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Shopping with an eye for sustainability is becoming increasingly important to so many of us. But how can consumers avoid falling into greenwashing traps, in which we truly believe we’re being eco-conscious without fully understanding the big picture? How can we demand that brands implement real change?
“The most important thing to back up any sustainability claim is traceability,” says Aurelia Figueroa, Global Head of Sustainability at Breitling, a watch industry trailblazer pioneering social and environmental change. “You can’t make a sustainability claim if you can’t talk about origin.”
“I hope one day [traceability] will be mandated at an industry-wide level, but for now it’s down to brands to have that information readily available,” she says. “Essentially, consumers need to be asking the right questions.”
Of course, the most sustainable move is to reduce consumption overall. But, when you do want to make an investment in a new watch or a piece of keep-forever jewelry, it’s worth asking these questions first.
1. How transparent is a brand in providing information?
Traceability is the secret to genuine sustainability, both socially and environmentally, as knowing how and where an item is made can help you ensure it’s done so in a way that supports the artisans and the community that produces it, without having a negative impact on the environment. It’s a good sign if you’re able to find readily available information about every step in the production process for a watch or piece of jewelry.
“Ask of a product: Where did it come from? Who was involved in its production? How were they treated?” Figueroa suggests. “Evidence is essential to back up claims—what is the nature of any evidence a brand provides? Who has verified it?”
The Breitling team is practicing what it preaches with the launch of the Super Chronomat Automatic 38 Origins, the brand’s first-ever traceable watch. Each timepiece has a provenance record linked to a blockchain-backed NFT, a Non-Fungible Token that is a digital identifier which cannot be copied. With this one-of-a-kind identifier, you can check the origins of the precious materials used in the watch and the responsible measures taken along the supply chain with independently verified information provided by Sourcemap, where the supply chain is documented on this NFT and on an online source map. This includes the watch’s artisanal gold and lab-grown diamonds.
2. Where does a brand source its precious materials?
You might assume recycled materials will help reduce your environmental impact, but when it comes to gold, things aren’t always so black and white. That’s because it’s extremely difficult to accurately trace the origins of recycled gold, and a lack of regulation means original materials could have been mined just a few days earlier in a manner that creates serious environmental degradation or social damage.
Scrutiny of the source of the materials is essential—the most trusted source of gold is one that you can trace at every stage of the production process, even if that means skipping out on recycled materials.
3. Does a product benefit the community it was sourced from?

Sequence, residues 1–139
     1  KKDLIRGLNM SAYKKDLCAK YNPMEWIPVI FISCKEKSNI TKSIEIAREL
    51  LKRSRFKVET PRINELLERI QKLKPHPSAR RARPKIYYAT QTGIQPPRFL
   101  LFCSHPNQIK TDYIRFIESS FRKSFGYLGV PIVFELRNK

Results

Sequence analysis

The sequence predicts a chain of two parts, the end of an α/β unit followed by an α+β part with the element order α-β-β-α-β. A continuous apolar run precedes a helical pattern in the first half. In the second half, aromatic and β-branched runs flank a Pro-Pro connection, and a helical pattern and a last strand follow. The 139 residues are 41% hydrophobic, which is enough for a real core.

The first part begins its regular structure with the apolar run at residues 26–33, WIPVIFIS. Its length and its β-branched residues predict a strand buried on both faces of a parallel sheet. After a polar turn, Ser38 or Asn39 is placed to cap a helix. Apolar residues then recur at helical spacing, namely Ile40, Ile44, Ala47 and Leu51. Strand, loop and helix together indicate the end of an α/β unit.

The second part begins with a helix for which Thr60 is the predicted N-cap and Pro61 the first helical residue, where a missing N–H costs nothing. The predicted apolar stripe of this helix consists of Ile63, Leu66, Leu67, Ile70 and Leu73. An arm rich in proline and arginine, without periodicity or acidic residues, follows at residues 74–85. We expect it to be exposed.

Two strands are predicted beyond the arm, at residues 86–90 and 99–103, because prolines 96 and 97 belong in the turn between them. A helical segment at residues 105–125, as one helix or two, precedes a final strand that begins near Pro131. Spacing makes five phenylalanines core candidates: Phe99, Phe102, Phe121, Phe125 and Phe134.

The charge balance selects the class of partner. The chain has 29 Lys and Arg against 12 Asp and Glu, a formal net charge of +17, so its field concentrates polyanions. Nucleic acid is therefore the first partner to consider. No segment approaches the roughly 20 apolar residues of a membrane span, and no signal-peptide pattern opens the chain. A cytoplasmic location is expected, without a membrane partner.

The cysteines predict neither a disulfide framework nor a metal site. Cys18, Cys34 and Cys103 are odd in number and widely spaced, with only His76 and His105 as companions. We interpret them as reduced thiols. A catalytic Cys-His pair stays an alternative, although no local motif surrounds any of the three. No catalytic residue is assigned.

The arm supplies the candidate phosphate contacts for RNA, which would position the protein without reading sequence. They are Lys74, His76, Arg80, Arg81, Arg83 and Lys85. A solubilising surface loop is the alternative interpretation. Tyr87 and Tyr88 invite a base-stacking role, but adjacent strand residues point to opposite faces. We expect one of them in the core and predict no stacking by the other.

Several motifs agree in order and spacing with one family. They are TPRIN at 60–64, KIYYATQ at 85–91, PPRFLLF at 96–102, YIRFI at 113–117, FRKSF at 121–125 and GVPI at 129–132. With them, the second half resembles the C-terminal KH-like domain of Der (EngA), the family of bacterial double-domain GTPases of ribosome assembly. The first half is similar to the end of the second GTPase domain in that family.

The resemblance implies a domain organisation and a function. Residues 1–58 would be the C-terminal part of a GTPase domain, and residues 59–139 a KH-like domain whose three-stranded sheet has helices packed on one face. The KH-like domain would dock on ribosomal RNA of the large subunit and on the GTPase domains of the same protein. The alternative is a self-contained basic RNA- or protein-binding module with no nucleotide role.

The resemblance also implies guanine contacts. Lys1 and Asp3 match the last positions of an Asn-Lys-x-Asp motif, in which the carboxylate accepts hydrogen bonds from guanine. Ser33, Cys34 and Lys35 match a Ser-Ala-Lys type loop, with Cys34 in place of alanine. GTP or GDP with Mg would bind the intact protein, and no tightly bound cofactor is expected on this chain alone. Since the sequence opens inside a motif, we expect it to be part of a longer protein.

True sustainability is as much about the social impact of production as it is about its environmental effects; brands must be committed to supporting the community they rely on to produce their materials.
Gold mining, in particular, is often done in very remote areas, and can be an essential source of income for those communities. When buying a product that contains gold, ask, how is a company giving back to that community? Non-exploitative working conditions should be non-negotiable, and brands should also be involved in social and economic development initiatives that support an area.
If you can’t find any information about what the company is doing and how it comes by its gold, take that as a potential red flag. As a company, Breitling is taking a close look at its sources. By 2025, the brand aims to be working only with responsibly-sourced gold and diamonds from accredited suppliers. Beyond that, the brand currently works with artisanal mines that support local community development projects.
4. How is a brand minimizing its carbon footprint?
Sustainability will be an ongoing journey for brands, who must continuously innovate to minimize their carbon footprint. For Breitling, that means constantly holding itself accountable: Last year, the brand measured the carbon footprint of individual products through an assessment in cooperation with the Coalition on Materials Emissions Transparency.
This industry-first reporting not only sheds light on the sustainable specifics, but it also means Breitling can find new insights into the environmental impacts of its upstream value chain, and identify which elements are responsible for these. The data allows the brand to take action and reduce its carbon footprint in real time.
5. Where does a brand source its diamonds and do they offer lab-grown options?
It’s exceptionally difficult to verify the origins of mined diamonds and, as Figueroa explains, “the biodiversity and water impact of mined diamonds is tremendous, as is the energy needed to extract them.”
By using lab-grown diamonds, brands are able to work closely with suppliers to ensure full traceability at every stage of the supply chain—including ascertaining their social practices, monitoring the nature of their energy supply and engaging with them to help them transition to renewable energy sources.